High-temperature corrosion is common in industrial environments where furnaces and gas turbines that have atmospheric contaminants and sulfuric gases are used. These corrosive contaminants might also leave ash deposits and molten salt while under operation. Cooling mechanisms and heat-resistant alloys are utilised to prevent high-temperature corrosion.

Stress Corrosion Cracking (SCC)

aluminium stress corrosion cracking

Stress corrosion cracking or corrosion fatigue is caused by applying tensile stress to the material while it is in a corrosive environment. Stress corrosion cracking can be especially prevalent when tensile stress is accompanied by temperature extremes. Metal expansion and contraction result from these temperature changes which weaken the structural integrity of the metal.

Initial signs of stress corrosion cracking are fine cracks on the metal surface. These cracks eventually develop over time, leading to structural failure. Stress corrosion can occur in manufacturing processes, such as machining and welding, but it is accelerated when exposed to a corrosive environment. Examples of this are stainless steels in a chloride environment and copper alloys in ammonia.

Microbial Corrosion

Microbial corrosion, also called microbiologically induced corrosion (MIC), is a type of corrosion caused by the presence and activities of microorganisms on metal surfaces. These microorganisms, which include bacteria, fungi, and algae, can accelerate the corrosion process in metals and alloys in various environments.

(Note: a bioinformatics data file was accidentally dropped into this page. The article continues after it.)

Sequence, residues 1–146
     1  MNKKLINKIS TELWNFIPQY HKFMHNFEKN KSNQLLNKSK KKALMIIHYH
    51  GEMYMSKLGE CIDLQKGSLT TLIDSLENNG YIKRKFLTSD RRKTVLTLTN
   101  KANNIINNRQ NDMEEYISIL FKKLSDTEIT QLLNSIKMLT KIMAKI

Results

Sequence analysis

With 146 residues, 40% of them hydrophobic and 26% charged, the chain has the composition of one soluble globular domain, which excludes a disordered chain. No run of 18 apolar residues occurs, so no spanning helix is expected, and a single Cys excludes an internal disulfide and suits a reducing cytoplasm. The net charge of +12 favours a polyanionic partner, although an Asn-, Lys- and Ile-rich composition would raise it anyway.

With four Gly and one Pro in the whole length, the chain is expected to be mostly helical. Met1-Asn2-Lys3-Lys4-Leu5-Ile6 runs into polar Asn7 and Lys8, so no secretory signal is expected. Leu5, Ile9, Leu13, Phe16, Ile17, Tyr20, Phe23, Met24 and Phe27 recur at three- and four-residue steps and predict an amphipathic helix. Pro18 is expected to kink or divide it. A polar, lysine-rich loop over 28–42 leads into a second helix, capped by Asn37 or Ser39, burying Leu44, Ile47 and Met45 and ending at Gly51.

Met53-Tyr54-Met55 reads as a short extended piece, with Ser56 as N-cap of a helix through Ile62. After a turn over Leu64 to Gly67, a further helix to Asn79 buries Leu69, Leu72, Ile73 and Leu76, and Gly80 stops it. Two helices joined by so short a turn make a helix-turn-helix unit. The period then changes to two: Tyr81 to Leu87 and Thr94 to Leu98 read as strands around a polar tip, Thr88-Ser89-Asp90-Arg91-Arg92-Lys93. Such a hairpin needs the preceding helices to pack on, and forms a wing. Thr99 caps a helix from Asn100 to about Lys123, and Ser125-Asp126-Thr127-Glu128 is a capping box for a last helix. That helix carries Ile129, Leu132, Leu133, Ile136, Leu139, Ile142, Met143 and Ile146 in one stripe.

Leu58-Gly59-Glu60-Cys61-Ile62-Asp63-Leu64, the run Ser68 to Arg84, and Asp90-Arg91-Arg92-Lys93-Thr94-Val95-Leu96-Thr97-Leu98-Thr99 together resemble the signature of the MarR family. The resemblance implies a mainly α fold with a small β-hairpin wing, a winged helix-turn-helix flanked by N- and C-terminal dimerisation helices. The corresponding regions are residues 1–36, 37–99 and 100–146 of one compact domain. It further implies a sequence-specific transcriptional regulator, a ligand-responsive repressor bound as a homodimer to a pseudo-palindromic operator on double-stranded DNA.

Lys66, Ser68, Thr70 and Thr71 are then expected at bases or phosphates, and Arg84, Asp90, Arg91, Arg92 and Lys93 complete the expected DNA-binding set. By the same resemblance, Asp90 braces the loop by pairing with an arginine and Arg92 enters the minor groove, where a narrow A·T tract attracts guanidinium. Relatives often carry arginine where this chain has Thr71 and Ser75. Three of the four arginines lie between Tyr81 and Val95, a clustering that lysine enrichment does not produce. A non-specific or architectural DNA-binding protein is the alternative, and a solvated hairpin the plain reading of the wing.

MIC is a significant concern in industries like oil and gas, marine, and wastewater management because it can lead to the rapid deterioration of materials. Some of these organisms are capable of consuming oil and excreting acids that can cause corrosion of vessels used for storing.

Microbiologically influenced corrosion can cause various types of damage, including pitting, crevice corrosion and stress corrosion cracking. To prevent this, the oil must be purified as much as possible to remove water content. Draining water at regular intervals from fuel tanks after purification is also necessary. Effective management of MIC also involves regular monitoring and using biocides to control microbial growth. Understanding the specific microbes and environmental conditions involved is key to developing targeted prevention and control strategies.

How to Prevent Corrosion

Preventing different corrosion types is crucial in maintaining the functionality and longevity of assemblies and equipment. Applying surface treatment, protective coatings or material finishing are great proactive measures to reduce the impact of corrosion. Using corrosion-resistant materials in a non-corrosive environment is a good corrosion prevention measure against most types of corrosion.